Congressional rift over environment influences public

Jul 31, 2014

American citizens are increasingly divided over the issue of environmental protection and seem to be taking their cue primarily from Congress, finds new research led by a Michigan State University scholar.

The gap between conservatives who oppose and liberals who support it has risen drastically in the past 20 years, a trend seen among lawmakers, activists and – as the study indicates – the general public as well, said sociologist Aaron M. McCright.

The findings echo a June 12 Pew Research Center poll showing that, in general, Republicans and Democrats are more divided long ideological lines than at any point in the past two decades.

When it comes to the environment, McCright, reporting in the journal Social Science Research, said the "enormous degree" of polarization has serious implications.

"The situation does not bode well for our nation's ability to deal effectively with the wide range of environmental problems – from local toxics to – we currently face," said McCright, associate professor in MSU's Lyman Briggs College and Department of Sociology.

McCright and colleagues examined an annual national survey from 1974 to 2012 that included a question on environmental spending. According to the survey, which included more than 47,000 total respondents, the divide over environmental protection among citizens who consider themselves conservatives and liberals started growing particularly wide in 1992.

That coincides with the 1991 fall of the Soviet Union. Following that historic event, McCright said, the conservative movement replaced the "Red Scare" with the "Green Scare" and became increasingly hostile toward environmental protection.

McCright said the trend has been amplified by the Tea Party pulling the Republican Party even further to the right.

In 1990, the study found, about 75 percent of self-identified Democrats and Republicans alike in the general public believed the United States spent too little on environmental protection. By 2012, a gulf had formed between party followers, with 68 percent of Democrats believing the country spent too little on the environment, contrasted with only 40 percent of Republicans.

The trend roughly follows the environmental-protection voting patterns of Congress.

"This political polarization," McCright said, "is unlikely to reverse course without noticeable convergence in support of environmental protection among policymakers, with prominent conservatives becoming less anti-environmental in their public statements and voting records."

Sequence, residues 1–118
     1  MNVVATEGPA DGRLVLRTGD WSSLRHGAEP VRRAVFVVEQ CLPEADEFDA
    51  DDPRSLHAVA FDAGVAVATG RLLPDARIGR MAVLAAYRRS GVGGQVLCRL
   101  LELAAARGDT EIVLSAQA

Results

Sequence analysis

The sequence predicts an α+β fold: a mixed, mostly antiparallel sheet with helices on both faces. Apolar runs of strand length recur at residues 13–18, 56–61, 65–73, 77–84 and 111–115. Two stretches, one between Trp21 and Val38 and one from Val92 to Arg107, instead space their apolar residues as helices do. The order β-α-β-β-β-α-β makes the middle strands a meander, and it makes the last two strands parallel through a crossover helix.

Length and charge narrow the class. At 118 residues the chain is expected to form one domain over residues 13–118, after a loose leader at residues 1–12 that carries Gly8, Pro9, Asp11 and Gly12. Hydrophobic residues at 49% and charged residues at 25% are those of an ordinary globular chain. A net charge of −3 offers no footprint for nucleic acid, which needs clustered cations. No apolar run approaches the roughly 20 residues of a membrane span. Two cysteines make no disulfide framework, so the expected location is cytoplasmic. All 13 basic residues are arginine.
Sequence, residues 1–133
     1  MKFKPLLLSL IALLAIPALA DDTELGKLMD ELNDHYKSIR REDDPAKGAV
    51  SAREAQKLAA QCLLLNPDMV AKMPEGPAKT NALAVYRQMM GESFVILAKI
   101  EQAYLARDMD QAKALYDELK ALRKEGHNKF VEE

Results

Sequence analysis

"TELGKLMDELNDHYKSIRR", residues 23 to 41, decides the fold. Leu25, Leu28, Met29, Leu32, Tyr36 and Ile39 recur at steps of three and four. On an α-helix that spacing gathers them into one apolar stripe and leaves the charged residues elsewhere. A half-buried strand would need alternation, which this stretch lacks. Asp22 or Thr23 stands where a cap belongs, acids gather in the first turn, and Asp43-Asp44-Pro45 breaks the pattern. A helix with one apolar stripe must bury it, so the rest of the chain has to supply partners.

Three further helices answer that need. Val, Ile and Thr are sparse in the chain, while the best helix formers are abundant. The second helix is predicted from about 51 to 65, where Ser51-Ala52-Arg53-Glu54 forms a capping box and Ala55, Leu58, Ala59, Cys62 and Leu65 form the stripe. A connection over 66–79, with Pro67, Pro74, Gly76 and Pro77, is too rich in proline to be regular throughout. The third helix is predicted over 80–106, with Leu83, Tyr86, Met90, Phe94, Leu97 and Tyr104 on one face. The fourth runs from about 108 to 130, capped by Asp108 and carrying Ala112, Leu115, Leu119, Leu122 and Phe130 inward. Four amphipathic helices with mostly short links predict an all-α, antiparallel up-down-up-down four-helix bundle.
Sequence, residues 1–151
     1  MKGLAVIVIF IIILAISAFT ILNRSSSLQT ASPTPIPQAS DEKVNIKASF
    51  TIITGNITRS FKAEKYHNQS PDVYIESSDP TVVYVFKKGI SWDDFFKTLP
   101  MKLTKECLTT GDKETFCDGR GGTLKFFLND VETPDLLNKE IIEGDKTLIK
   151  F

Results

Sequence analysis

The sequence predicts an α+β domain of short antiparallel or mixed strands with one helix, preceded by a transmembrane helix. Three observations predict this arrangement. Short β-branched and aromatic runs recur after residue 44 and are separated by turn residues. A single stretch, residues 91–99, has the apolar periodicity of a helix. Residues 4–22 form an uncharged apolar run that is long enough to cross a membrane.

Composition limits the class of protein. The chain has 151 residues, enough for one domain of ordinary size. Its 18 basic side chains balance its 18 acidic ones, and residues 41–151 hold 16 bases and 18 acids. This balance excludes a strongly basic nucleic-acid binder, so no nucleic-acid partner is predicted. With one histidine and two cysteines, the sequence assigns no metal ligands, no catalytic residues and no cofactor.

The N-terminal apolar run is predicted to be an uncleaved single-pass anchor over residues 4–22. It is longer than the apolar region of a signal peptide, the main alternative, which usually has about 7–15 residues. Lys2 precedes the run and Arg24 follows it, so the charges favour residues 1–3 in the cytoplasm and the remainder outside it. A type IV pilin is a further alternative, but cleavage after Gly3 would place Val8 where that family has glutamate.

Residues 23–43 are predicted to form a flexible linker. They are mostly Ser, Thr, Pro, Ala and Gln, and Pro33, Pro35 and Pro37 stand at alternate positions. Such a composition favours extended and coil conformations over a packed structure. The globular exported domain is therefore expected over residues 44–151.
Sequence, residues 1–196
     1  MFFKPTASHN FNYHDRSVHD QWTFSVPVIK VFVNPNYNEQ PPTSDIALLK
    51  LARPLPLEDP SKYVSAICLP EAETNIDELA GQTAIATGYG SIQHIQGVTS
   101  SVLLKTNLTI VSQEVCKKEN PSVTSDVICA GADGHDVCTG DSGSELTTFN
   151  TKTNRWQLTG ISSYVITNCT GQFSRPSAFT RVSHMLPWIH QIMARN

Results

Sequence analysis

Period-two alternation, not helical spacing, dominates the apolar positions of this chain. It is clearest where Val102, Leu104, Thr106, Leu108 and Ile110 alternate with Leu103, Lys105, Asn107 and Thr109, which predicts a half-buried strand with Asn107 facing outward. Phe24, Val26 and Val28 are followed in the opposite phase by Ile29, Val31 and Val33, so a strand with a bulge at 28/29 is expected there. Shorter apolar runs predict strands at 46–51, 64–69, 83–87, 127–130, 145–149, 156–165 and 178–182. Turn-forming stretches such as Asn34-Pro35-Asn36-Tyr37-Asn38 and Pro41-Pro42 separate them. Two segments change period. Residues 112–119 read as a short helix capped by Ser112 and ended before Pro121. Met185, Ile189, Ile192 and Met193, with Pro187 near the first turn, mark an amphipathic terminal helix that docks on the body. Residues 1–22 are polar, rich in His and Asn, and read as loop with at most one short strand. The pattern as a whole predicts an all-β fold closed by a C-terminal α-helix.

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Doug_Huffman
1 / 5 (8) Jul 31, 2014
Progressives are credulous, unskeptical and easily led off to unintended consequences.

The political divide is anti-progressive from progressive. Progressivism being the political bowel movement to make-things-better leaving US to suffer the unintended consequences - like the estimated twenty-two-thousand gun-control laws, always room for another.
PsycheOne
2.4 / 5 (7) Jul 31, 2014
Maybe people's opinion about the need to protect the environment hasn't changed. Maybe spending has gone too high and people are saying that enough is enough.
cjn
5 / 5 (3) Jul 31, 2014
FTA:
The gap between conservatives who oppose environmental protection and liberals who support it has risen drastically in the past 20 years, a trend seen among lawmakers, activists and – as the study indicates – the general public as well, said sociologist Aaron M. McCright.


1) Citizens of a district or state elect their congressional representatives. It would make sense that the people they elect share their views on a host of things, to include environmental protection. To suggest that, after election, that congressmembers go back to their constituents and coerce or reinforce their internal opinion on the electorate is just an asinine interpretation of the observations made. Generally, politicians are nothing if not pragmatic on most issues which don't influence their kickbacks, nepotistic proclivities, or absolute core "values."
cjn
2.3 / 5 (6) Jul 31, 2014
2) You can claim that all conservatives oppose "environmental protection", when the vast majority favor regulation of pollutants and toxic materials, are anti-littering, are for responsible mining and logging, and are for the protection of endangered species. But I guess that wouldn't match the author's preconceived notions of any one that doesn't think exactly like him.
TegiriNenashi
1 / 5 (6) Jul 31, 2014
"...said sociologist..." -- you might well stop reading just after that.
kochevnik
2.6 / 5 (5) Jul 31, 2014
Both parties are completely debased from their promoted ideologies. Democrat and Republican are nothing more than brands in a rigged market of ideas and influence peddling

Both parties consistently kowtow to the will of banksters and the British aristocracy. That is their true ideology - assisting British Neocolonialism and restricting property rights to a handful of elites. Everyone else will be a tenant. One simple example is real estate in USA: Only a land patent represents ownership. A title simple conveys whatever rights the government deems appropriate but is in reality is simply a receipt
ryggesogn2
1.8 / 5 (8) Jul 31, 2014
Congress doesn't lead.
Congress is getting its cues from the voters who melt their phone lines when they do something stupid.

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